By Fraya Berg for Food Network Kitchen
Fraya is a chef and a contributing writer at Food Network.
If you’re craving meatloaf and using a family recipe or riffing with whatever ingredients you already have, you might be wondering what temperature to cook the meatloaf to. Here’s what temperature you should set your oven to, plus the internal temperature your meatloaf should reach when it’s cooked — and a few other meatloaf-cooking tips.
The oven temperature is typically set at 350 degrees F for making meatloaf. That’s the temperature you want to be sure to use so the meatloaf cooks and doesn’t dry out. Too high, and the outer crust will burn before the interior is cooked all the way, too low and you don’t get that delicious crust. But bear in mind that if you set the oven to 350 degrees F and then open the oven door to pop the meatloaf in, you’ll be starting the meatloaf off in an oven that is substantially lower than 350. There’s an easy fix for that: Try start the oven at 425 degrees F and then turn it down to 350 degrees F as soon as you put the meatloaf in the oven. This trick means the initial temperature drop won’t have a big effect on the cooking time.
When making meatloaf, the recipe will tell you about how long to bake it. But it might not also tell you what the internal temperature of the meatloaf should be when it’s completely cooked and safe to eat: 160 degrees F. A recipe won’t necessarily take into account your oven, your pan and how you shaped the loaf. This is where the trusty instant-read thermometer comes in handy. 15 minutes before the recipe says it will be done, pull the meatloaf out of the oven and take its temp. Taking the meatloaf out and closing the door keeps the temperature in the oven more stable, so when you put the meatloaf back in the oven, it won’t take very long to come back to 350 degrees F.
We’re think mashed potatoes go hand-in-hand with meatloaf. Beyond that, all the steamed vegetables are a great option, or any vegetable in a sauce with a little cheese. Because meatloaf isn’t cooked in a pan on the stove, there are no pan drippings to make a gravy, which would be great with those mashed potatoes. Try a recipe for gravy without drippings for the perfect, hearty finishing touch.
Typically, meatloaf is made with a blend of equal parts beef, veal and pork. A form of bread is usually added, often soaked in milk and then squeezed a bit (the technical name for the squishy wet bread is panada). Adding vegetables adds moisture, but they need to be sauteed and cooled before going into the meat mix. Salt, pepper and a seasoning blend of mustard, garlic and onion powders is a great place to start. Think about the flavors your family likes and go from there. Add an egg for every pound of meat — it holds everything together when the meatloaf is baking. And a glaze that’s at least part ketchup is a given.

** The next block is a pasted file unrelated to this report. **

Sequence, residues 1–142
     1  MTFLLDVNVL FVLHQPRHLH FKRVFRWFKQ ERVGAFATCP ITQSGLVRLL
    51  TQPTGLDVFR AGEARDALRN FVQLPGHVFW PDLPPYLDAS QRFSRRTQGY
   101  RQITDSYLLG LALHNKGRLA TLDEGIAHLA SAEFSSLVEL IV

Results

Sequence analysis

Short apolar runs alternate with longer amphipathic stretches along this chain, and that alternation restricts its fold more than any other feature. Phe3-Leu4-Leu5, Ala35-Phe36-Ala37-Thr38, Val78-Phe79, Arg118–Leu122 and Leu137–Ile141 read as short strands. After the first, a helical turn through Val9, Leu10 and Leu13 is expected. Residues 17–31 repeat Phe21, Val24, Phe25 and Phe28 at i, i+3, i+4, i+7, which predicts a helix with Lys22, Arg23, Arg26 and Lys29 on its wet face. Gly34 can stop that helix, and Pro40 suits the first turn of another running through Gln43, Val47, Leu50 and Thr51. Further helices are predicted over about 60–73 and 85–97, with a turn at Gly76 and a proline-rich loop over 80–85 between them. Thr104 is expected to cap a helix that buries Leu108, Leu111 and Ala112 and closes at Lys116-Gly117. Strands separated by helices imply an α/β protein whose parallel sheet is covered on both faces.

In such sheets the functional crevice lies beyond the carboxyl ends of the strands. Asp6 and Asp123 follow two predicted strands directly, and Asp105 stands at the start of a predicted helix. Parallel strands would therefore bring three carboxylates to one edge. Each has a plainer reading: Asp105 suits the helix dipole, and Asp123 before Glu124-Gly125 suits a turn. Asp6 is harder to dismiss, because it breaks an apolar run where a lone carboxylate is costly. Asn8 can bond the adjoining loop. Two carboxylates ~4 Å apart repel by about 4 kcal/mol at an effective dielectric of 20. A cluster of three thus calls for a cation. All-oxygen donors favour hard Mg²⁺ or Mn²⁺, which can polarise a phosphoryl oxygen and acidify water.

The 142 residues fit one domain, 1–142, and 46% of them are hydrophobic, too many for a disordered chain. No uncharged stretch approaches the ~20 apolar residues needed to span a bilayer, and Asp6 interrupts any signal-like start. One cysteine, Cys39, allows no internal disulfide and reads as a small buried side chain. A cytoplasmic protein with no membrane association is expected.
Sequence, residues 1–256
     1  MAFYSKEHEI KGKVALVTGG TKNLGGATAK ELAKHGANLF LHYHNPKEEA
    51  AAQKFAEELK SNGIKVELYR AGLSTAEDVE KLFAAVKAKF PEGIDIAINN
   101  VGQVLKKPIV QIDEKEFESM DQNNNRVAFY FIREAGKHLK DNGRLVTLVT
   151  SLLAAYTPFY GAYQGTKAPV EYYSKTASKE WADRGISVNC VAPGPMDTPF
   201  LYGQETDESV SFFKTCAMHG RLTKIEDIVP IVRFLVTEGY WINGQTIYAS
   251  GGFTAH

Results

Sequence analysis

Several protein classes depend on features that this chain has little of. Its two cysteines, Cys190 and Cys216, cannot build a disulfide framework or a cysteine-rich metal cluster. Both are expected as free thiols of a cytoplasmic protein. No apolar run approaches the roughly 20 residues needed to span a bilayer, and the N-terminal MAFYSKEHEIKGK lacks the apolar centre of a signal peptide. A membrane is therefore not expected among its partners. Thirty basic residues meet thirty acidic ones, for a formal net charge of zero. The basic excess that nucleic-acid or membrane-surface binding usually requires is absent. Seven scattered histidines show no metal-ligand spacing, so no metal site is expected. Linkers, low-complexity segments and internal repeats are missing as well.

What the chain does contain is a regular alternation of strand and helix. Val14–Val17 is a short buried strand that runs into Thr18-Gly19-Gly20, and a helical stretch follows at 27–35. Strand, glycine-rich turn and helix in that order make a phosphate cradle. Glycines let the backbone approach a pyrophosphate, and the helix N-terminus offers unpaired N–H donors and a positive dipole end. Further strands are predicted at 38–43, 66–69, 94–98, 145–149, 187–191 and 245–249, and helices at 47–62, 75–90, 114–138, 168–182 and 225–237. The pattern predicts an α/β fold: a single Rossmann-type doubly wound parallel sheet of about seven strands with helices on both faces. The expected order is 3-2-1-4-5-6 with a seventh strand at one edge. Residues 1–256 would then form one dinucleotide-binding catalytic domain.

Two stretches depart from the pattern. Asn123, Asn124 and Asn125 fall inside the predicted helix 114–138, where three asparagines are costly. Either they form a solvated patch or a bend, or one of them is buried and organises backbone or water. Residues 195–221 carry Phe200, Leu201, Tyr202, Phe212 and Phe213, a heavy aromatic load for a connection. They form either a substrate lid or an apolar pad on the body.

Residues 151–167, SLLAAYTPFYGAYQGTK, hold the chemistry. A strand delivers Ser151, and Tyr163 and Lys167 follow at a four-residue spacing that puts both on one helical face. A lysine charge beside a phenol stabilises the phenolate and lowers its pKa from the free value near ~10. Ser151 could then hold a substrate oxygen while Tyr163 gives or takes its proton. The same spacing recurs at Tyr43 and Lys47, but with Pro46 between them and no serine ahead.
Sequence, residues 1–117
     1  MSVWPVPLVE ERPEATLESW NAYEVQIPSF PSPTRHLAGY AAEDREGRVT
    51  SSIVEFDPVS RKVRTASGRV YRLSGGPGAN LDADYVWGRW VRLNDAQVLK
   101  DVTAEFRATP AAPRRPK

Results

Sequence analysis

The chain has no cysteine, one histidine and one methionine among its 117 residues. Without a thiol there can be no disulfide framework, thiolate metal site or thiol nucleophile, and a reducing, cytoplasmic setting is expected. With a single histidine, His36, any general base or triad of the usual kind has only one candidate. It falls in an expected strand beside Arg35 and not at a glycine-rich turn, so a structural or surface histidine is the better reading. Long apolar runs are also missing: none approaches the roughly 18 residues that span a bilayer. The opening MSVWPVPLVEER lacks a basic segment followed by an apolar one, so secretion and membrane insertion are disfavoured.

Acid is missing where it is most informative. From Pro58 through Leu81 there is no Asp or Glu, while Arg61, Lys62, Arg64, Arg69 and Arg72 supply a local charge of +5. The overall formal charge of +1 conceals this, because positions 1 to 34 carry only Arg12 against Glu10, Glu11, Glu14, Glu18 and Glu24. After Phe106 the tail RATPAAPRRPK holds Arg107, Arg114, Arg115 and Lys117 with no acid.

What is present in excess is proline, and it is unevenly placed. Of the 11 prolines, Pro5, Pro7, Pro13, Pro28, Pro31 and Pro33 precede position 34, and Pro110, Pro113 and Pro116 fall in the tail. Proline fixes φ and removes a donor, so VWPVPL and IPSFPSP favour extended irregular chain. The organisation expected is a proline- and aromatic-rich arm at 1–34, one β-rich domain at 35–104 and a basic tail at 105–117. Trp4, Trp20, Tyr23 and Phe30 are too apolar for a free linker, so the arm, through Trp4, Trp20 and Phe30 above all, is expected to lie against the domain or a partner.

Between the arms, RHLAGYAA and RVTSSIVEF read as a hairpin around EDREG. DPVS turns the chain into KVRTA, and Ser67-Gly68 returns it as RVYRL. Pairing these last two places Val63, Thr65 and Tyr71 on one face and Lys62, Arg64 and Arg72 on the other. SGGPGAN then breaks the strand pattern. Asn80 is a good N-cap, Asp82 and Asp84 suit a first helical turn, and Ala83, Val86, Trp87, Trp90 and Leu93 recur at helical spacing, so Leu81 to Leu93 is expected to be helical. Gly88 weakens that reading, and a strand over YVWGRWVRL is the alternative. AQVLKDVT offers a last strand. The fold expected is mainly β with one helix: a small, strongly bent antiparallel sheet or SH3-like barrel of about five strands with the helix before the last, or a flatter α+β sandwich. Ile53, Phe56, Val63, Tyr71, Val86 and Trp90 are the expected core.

It’s important to be gentle and not overmix or you’ll end up with a tough loaf. Shaping the loaf and placing it on a foil-lined half sheet pan will give you the maximum amount of browned crust. Putting meatloaf in a loaf pan can cause it to steam and become tough and heavy. Use that pan for banana bread instead.
A meatloaf made from two pounds of meat with all the extras mixed in will bake in about an hour in a 350 degree F oven. Brush half the glaze on the meatloaf before you put it in the oven and the remaining half after it’s baked for 45 minutes. Let the meatloaf rest for ten minutes after taking it out of the oven before slicing.
Meatloaf can be frozen before it is baked. Shape the meat mixture into a loaf and freeze. Thaw in the fridge before baking. It’s also convenient to make mini-loaves. If you’re looking to freeze cooked meatloaf your best bet is slicing it, wrapping each slice individually and using it for sandwiches. Reheating individual slices in a microwave for a short period of time on 50-60% power will give you the best results.
The meatloaf this recipe makes is great, but the sauce…wow. The sugar, pepper and Worcestershire added to the ketchup for the glaze takes it to a new level.
A turkey meatloaf is a little lighter, but just as satsifying. This version won a lot of fans in our test kitchen.
Meatloaf in a slow cooker has two huge advantages: You set it and forget it, and come home to a kitchen that smells amazing.
Why serve more dishes than you have to? Taters in the meatloaf instead of on the side — brilliant.
The gravy for this meatless meatloaf is so good we’ll be making it for more than meatloaf.